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Old 08-25-2004, 07:11 PM   #1
luwigie
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How can I run a command automatically at startup?


I want to start up my bandwidth monitoring programs (ntop and vnstat) on startup. I am running a server with FC2 in init mode 3 because the machine is old and I don't want to slow it down by running a GUI. Is there a way that I can do this? If so, do I just enter in the commands in a file like I would on the command line? Where does the output go? What user would run it?

Thanks!
 
Old 08-25-2004, 08:05 PM   #2
Peacedog
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this may answer your ?

http://www.redhat.com/docs/manuals/l...-services.html

hope that helps.
good luck.
 
Old 08-25-2004, 11:35 PM   #3
luwigie
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Thanks for the reply, but that's not quite what I was looking for. I think that there is a file that gets run once everything else is loaded where you can put custom commands. Am I correct, any one?
 
Old 08-26-2004, 12:52 AM   #4
realjustin
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It is called rc.local
It could be in various places, I'm not sure where in FC2. Probably
/etc/rc.d/rc.local
or someplace similar. Beware it gets run as root.
 
Old 08-26-2004, 03:21 AM   #5
myriad-zero
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Exactly that is the place to put in. Make sure that you don't screw up anything else.
 
Old 08-26-2004, 07:35 AM   #6
luwigie
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A couple of questions:

So the user that it runs as is root?

Where does the output go? No where?

Do I just put in the commands on a line the same way I would at a command line, or do I have to seperate the commands more than just putting them on a seperate line?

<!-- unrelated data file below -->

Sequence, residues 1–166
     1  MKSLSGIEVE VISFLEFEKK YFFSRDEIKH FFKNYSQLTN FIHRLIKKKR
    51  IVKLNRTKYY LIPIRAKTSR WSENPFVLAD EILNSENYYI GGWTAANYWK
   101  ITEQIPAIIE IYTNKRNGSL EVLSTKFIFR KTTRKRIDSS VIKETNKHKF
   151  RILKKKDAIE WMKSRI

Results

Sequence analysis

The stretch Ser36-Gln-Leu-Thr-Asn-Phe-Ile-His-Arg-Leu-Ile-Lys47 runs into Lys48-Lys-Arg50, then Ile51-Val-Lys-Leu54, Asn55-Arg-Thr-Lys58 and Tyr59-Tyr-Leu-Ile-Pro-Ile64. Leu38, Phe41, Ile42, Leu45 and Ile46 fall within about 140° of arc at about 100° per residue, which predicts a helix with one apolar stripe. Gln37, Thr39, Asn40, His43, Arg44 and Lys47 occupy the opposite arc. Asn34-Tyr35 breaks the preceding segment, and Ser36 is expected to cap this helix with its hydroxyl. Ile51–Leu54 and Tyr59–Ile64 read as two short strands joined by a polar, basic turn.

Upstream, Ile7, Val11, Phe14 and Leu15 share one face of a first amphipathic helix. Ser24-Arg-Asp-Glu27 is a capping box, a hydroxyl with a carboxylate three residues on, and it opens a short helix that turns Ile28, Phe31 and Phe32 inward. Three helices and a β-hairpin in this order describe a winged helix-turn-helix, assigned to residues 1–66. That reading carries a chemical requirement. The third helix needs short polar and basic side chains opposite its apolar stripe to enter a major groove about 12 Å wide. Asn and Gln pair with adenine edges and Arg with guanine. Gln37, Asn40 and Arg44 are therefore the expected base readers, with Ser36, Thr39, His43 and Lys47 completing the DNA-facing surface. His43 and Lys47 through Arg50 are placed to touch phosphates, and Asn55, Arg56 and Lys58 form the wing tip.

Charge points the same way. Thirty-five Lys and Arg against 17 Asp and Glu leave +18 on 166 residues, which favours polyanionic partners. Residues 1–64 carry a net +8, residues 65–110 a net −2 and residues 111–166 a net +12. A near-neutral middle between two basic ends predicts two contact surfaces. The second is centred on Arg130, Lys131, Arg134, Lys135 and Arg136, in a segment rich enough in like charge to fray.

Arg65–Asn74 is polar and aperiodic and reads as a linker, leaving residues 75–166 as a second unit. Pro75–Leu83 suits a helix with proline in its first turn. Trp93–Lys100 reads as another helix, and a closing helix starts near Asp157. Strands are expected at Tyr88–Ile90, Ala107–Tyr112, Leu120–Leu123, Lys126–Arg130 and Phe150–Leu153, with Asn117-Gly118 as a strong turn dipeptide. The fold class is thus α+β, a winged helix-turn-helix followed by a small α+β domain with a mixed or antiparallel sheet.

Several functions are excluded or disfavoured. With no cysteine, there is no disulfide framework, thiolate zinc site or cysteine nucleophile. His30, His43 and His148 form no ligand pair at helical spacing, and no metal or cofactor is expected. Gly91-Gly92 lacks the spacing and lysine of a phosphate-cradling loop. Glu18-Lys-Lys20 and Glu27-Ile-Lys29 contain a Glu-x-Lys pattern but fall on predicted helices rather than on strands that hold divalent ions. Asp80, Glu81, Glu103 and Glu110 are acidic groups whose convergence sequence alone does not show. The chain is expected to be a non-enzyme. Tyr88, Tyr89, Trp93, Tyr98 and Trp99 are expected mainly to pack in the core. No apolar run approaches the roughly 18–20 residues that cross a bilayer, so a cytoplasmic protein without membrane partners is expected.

For instance would:
vnstat -u -i eth0
ntop

be sufficient to run two commands?
 
Old 08-26-2004, 06:11 PM   #7
luwigie
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Or would I have to put someting in between the programs?

Also, can I just do "ntop" for example rather than ./usr/bin/ntop?
 
Old 08-26-2004, 06:26 PM   #8
Sinope
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A newline is sufficient between the commands. Even a semicolon is enough, I think.

You may as well put /usr/bin/whatever rather than just whatever. I'm fairly certain $PATH is set before this point but it certainly cant hurt to give the full path.

--S
 
Old 08-26-2004, 10:05 PM   #9
rob.rice
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Quote:
Originally posted by luwigie
A couple of questions:

So the user that it runs as is root?

Where does the output go? No where?

Do I just put in the commands on a line the same way I would at a command line, or do I have to seperate the commands more than just putting them on a seperate line?

For instance would:
vnstat -u -i eth0
ntop

be sufficient to run two commands?
yes it runs as root and you will have to be root to kill it

the out put gose where you tell it to go or there may be a default log file it would be best if you were to read the man pages for the commands you want to log there may also be other settings for a command to run noninteractively or you may want to run them as an at job
 
  


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